German frigate Sachsen tests laser weapon against drones

On 30 August this year, the German Navy’s frigate Sachsen fired a shipboard laser weapon against drones at short and very short range in the Baltic Sea near Putlos Major Training Area.

The laser weapon demonstrator was developed by the high-energy laser naval demonstrator working committee ARGE, consisting of MBDA Deutschland and Rheinmetall Waffe Munition.

The joint integration and test phase of the naval demonstrator started in November 2021, when the ARGE integration team concluded the factory acceptance test at Rheinmetall’s Unterlüß proving ground.

The demonstrator was then installed onboard the frigate Sachsen in Kiel. In July 2022 the first test campaign took place in Eckernförde Bay near the Bundeswehr’s Technical Centre for Ships and Naval Weapons, Marine Technology and Research, WTD 71, in Surendorf.

During the trials, the capabilities of various sensors, including the electro-optical sensor suite from the ARGE and the radar, were verified. In addition, the interplay between all the components and procedures in the entire operational sequence from target acquisition to engagement was put to the test.

According to the partners, the trials included multiple highly realistic engagement scenarios. The test planning and the provision of various types of targets on land, at sea or from the air were carried out and organised by the Federal Office of Bundeswehr Equipment, Information Technology and In-Service Support (BAAINBw). The test management was carried out by WTD 71.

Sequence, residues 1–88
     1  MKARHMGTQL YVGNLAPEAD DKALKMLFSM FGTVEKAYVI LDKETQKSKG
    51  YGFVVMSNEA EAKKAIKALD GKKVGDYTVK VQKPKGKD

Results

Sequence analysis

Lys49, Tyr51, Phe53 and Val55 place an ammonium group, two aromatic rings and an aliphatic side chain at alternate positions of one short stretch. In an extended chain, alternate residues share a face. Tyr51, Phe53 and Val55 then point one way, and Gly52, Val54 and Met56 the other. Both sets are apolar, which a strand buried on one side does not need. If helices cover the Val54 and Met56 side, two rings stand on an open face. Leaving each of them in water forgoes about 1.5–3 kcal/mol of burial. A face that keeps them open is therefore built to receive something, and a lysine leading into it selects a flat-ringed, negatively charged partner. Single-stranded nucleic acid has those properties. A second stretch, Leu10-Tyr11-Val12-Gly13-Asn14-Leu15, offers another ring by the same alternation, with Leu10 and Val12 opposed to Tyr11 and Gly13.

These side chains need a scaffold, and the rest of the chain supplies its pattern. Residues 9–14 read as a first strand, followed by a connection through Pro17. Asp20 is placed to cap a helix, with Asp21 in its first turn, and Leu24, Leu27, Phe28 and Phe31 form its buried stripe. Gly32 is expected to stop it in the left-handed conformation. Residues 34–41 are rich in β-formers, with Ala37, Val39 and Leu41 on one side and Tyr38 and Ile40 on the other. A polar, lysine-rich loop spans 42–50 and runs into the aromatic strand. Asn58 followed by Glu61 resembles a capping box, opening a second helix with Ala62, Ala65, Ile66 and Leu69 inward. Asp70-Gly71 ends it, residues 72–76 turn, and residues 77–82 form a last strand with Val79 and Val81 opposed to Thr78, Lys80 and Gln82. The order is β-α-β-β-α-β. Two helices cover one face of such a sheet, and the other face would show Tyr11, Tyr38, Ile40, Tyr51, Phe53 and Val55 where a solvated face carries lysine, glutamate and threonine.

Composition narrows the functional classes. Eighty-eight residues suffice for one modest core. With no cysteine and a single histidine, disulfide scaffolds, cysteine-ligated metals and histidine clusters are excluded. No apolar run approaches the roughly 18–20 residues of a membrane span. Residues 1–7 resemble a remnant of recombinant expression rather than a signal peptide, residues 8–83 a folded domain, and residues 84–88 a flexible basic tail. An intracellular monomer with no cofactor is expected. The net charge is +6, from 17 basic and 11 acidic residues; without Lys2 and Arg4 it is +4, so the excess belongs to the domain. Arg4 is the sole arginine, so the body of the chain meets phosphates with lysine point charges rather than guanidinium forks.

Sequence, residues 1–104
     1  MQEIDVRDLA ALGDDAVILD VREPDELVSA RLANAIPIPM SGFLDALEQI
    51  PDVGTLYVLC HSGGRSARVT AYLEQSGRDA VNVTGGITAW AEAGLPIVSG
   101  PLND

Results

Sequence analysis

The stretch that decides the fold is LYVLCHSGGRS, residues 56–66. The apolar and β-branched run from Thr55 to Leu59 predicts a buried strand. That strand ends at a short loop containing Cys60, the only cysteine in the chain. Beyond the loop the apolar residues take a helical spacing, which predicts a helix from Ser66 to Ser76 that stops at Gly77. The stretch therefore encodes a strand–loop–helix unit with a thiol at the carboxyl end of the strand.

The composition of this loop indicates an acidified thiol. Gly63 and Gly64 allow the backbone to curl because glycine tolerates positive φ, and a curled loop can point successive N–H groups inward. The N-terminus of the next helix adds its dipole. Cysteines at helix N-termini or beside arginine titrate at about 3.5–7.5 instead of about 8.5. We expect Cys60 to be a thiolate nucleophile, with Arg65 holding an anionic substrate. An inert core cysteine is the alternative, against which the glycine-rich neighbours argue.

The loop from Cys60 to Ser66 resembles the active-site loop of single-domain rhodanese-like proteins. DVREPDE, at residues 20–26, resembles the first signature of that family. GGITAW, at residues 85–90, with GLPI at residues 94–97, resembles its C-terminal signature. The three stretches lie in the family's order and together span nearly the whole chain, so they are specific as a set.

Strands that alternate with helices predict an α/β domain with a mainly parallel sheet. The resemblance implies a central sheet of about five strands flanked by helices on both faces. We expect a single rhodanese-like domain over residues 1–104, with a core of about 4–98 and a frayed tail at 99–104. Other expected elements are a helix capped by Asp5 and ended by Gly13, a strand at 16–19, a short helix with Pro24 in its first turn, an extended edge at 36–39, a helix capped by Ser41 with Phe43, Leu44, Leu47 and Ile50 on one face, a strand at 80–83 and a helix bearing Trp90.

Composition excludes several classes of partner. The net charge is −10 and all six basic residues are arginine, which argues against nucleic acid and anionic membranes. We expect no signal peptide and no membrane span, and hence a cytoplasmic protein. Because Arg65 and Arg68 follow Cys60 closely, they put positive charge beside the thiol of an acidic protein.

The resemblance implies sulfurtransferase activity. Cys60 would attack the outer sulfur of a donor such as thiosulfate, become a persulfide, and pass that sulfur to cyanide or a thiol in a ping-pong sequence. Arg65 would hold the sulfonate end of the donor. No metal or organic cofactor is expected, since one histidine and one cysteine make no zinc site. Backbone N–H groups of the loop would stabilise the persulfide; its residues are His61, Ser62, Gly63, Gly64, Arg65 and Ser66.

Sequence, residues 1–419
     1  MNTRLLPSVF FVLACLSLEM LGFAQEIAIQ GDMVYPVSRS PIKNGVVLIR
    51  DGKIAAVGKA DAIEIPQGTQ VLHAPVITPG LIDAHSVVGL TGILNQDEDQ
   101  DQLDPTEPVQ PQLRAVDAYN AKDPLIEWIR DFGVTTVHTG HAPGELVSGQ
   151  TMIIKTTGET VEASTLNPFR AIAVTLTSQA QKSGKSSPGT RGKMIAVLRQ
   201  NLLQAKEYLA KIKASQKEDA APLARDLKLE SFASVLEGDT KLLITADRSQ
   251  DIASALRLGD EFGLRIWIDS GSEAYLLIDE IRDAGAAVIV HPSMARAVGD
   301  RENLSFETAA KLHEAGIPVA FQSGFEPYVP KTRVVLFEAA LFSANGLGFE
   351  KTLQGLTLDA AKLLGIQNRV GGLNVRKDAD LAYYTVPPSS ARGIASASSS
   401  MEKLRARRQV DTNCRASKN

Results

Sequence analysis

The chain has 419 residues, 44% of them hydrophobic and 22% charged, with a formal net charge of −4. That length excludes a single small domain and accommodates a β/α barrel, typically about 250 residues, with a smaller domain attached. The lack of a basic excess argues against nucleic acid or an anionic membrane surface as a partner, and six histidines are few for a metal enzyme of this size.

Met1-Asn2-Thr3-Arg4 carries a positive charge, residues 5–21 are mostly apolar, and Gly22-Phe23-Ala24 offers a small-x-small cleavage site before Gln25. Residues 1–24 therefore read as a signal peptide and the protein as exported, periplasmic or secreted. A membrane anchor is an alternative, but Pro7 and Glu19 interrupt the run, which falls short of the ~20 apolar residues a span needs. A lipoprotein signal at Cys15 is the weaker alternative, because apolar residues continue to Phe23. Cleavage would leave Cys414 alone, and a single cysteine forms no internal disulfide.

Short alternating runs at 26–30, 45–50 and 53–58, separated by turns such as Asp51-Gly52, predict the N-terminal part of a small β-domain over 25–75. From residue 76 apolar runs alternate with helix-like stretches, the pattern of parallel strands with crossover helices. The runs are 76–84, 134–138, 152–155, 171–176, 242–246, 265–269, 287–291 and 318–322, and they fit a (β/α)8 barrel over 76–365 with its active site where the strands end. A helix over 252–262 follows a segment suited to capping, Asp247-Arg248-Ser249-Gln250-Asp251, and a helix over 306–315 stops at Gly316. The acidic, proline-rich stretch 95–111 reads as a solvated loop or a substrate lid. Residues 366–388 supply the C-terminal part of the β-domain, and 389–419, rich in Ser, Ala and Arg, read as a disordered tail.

The team succeeded in proving the demonstrator’s capabilities in full, the companies noted.

“The principal components of the demonstrator are truly high tech. This is the result of long years of research at both the participating companies. Many of the demonstrator’s system components were developed specially for the project and combined in this form for the first time. Moreover, given the extremely short integration phase for a system of this complexity, we’re very proud of the results achieved thus far and of how well the trials went,” Thomas Baumgärtel, project manager for the naval demonstrator at Rheinmetall Waffe und Munition, commented.

Future high-energy laser weapon systems for the German Navy will be especially useful in defending against drones and drone swarms as well as engaging attacking speed boats at close and very close range. But the system can also be designed for greater output, enabling it to destroy guided missiles and mortar rounds.

Testing of the high-energy laser weapon will continue until mid-2023. In subsequent test campaigns, new scenarios will challenge the demonstrator’s capabilities.

Not least, the results will determine what still needs to be done on the path to a fully functional, operational laser weapon.

Photo: Illustration; Credit: thyssenkrupp Marine Systems